Passive Voice – My Facebook ad was not clicked on by anyone.
Active Voice – No one clicked on my Facebook ad.
Don’t get too stressed about ensuring every single sentence you write is in active voice, you’re allowed to mix and match. All we’re saying is that it is a good idea to at least keep the majority of your sentences active.
This makes you come across as more authoritative, clearer, and a more instructional writer, which provides a good experience for the user who has come across your page looking for answers.
Keywords form the basis of how search engines determine the relevance of your page with the users search term.
For example, if a user makes the search term, ‘what is the difference between branded content and marketing’ and the title of your blog post is ‘What is the Difference Between Branded Content and Marketing?’ a search engine is going to make the assumption that your page is at least somewhat relevant to the search term.
And if you include the words ‘branded content’, ‘marketing’ etc, throughout your copy, it will add to this relevance. If the topic is reflected in your subheadings, in your URL’s slug and in your alt text, you are implying more heavily that your page is the most relevant result out there.
Search engines can’t interpret images as well as humans can. In fact, they won’t understand the relevance of them at all. Alt text allows you to explain to search engines what your image is of.
For example, if you had a picture of a dog sitting on a beach, then you could enlighten search engines of this fact by attaching the alt text ‘dog sitting on beach’.
You should also take the opportunity to input a focus keyphrase. Your keyphrase should be whatever you are trying to get your individual blog post to rank well for.
You should also include your keywords in your meta description. Your meta description is the small section of text that appears underneath your link and page title on a search engine results page.
Essentially, everywhere you see an opportunity to plug in your keyphrase, take it. The more you use it, the more likely you are to be deemed relevant to a particular search term.
However, be careful not to over-optimise here. Using your keyphrase in every sentence of your copy is only going to negatively impact your SEO. In fact, keyword stuffing is a well-known black hat SEO technique that used to be quite popular for artificially inflating rankings.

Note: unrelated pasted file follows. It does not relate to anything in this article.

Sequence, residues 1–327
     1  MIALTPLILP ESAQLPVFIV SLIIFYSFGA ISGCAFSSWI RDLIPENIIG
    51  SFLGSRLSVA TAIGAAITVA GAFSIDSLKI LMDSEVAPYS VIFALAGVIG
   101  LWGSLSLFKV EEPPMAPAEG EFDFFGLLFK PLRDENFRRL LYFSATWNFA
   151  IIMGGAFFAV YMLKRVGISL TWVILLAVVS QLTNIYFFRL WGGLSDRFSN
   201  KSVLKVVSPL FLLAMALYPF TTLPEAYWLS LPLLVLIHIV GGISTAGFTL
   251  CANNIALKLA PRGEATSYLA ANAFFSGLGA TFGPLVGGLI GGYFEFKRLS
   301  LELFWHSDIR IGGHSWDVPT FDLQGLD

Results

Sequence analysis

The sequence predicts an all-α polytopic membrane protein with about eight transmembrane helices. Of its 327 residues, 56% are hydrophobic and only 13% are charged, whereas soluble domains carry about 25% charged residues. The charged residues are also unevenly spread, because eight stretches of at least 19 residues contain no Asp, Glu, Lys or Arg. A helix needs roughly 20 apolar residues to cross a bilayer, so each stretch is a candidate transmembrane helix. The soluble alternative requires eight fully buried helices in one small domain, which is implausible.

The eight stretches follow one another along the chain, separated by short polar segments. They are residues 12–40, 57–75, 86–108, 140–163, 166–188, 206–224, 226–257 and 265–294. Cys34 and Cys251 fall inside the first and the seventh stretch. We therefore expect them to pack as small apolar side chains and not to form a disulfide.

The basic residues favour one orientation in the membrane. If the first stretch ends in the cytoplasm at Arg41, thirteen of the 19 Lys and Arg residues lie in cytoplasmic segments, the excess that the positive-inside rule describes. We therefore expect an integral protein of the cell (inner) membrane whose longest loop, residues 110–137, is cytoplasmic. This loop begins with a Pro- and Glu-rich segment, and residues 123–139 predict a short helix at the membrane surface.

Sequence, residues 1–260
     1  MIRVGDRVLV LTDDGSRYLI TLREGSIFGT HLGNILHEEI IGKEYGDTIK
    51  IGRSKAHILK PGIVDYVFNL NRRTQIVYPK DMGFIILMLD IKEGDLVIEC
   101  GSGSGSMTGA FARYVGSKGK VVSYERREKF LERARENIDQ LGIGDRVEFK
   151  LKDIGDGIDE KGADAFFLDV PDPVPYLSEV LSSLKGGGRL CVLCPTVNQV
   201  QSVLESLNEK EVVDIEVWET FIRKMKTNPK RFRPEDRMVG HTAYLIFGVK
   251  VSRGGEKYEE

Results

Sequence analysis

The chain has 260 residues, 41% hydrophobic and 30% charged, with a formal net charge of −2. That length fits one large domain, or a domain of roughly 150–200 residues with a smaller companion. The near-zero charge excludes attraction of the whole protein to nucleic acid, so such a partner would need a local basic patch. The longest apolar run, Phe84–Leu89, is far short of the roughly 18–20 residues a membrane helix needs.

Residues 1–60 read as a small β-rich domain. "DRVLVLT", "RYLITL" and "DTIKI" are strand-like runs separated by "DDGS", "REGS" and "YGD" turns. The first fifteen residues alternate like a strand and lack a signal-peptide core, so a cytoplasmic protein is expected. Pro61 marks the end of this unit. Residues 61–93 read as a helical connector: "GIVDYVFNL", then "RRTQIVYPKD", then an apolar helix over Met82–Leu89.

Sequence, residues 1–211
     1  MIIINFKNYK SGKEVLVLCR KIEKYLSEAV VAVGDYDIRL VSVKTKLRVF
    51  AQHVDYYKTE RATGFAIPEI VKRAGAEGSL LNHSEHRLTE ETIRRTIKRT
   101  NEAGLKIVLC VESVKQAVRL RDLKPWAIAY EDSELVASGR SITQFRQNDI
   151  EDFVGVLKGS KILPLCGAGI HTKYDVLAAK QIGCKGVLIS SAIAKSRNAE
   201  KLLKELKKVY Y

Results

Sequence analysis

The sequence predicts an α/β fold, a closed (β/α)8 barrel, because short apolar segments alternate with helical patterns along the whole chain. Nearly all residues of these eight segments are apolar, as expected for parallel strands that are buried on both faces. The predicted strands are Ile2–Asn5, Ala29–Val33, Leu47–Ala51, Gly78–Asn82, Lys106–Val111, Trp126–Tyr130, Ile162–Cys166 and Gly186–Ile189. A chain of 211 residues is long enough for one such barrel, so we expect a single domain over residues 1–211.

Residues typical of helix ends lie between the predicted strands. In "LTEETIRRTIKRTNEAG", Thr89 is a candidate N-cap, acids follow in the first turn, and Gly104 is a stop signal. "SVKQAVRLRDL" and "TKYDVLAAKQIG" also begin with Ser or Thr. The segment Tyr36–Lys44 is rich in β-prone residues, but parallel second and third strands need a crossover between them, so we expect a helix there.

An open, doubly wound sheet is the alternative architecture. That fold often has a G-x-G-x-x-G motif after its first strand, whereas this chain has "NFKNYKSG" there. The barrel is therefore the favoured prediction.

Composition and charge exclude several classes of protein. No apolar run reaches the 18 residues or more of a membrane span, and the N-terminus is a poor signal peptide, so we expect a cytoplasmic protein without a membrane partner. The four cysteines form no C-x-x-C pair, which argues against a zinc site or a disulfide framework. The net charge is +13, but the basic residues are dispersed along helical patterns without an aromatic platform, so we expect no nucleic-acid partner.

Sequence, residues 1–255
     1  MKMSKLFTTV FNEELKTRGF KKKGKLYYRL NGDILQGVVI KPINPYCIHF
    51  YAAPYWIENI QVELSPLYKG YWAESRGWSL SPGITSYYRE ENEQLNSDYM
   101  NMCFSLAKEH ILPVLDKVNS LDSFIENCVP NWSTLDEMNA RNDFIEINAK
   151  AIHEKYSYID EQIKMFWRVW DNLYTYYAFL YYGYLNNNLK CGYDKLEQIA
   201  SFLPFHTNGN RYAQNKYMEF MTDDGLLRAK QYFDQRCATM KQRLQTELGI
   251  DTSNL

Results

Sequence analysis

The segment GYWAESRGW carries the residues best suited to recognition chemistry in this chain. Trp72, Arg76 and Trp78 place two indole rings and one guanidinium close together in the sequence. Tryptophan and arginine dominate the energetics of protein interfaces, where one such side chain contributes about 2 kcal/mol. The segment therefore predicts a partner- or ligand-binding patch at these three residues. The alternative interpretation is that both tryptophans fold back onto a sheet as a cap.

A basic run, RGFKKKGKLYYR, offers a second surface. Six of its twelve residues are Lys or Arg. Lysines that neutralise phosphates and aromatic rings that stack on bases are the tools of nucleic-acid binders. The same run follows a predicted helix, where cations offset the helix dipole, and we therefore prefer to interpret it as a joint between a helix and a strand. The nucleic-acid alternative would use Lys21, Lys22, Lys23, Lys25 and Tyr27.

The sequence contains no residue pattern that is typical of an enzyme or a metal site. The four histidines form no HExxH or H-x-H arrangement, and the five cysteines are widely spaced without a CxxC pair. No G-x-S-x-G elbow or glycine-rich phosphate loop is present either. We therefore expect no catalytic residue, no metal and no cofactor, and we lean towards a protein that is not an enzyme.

Ensure that your copy reads naturally and that you aren’t compromising the user experience just to shove as many keywords into your text as possible.
Finally, post consistently. Search engines like Google need to know that you’re an active, working site, and the easiest way to show this is by having a consistent posting schedule.
Bear in mind that this doesn’t necessarily mean frequent, you don’t have top be posting two blogs every single day, but once you’ve found a formula that works for you, stick to it.
This might be a post every couple of days, once a week or even once every two weeks. Just ensure that you show you are consistent, and search engines will take this into account.
Correctly implementing a link structure to your website is vitally important to an overall SEO strategy. They provide the railway tracks between the ‘stations’ that are your pages, so that search engines can travel along them to analyse and rank individual pages.
Links also play a huge part in establishing the authority of a page to a search engine. If a page has a lot of backlinks, i.e. a lot of links directing a user to that page, then the page will look authoritative, and a good page to display to a user.
So, how should you go about implanting a linking strategy on your own page?
You should look to build these links into the copy of your blog post, ideally to other blogs you’ve posted before. You can do this through the use of anchor text.
As an example, let’s say you have a blog about writing a brand mission statement, and you realise that you’ve got an opportunity to link to another blog ‘How to Write a Brand Vision Statement’.
You might decide that you would link the text ‘brand vision’ to this blog. This provides a path for both search engine crawlers and users alike to move along.
Positive impacts of this involve increasing the navigability of your site, so that users and search engines can access your content more easily, and spreading link juice throughout your pages.
Link juice is the name given to the ‘SEO boost’, that a page receives when it gets a backlink to it. If you link your internal pages together, you help to distribute this link juice more evenly, meaning all your pages receive slight boosts in SEO ranking.
Whilst some SEO ‘experts’ will tell you that externally linking to other websites from your blog posts is a bad idea, here at Adversent we firmly believe that external links are a beneficial element of your pages.
Why? Because by externally linking to pages that exist off your website, you show yourself to be an open, connected and approachable member of the online community. For starters, the internet is an open, connected network. If you don’t subscribe to this mentality on how you exist on the internet, you’re hardly likely to achieve success.
When you externally link to another webpage, you might also receive a backlink in reciprocity, boosting the SEO ranking of your own page. Finally, external linking simply helps to provide the top-quality user experience required of any SEO strategy.
If you include relevant links to pages your users will find genuinely useful or interesting, they are more likely to return to your page and consume your content.
And if you have returning visitors, this is a clear sign to search engines that you are a good source of information. If you can achieve this, it won’t be long before you see your SEO rankings soar.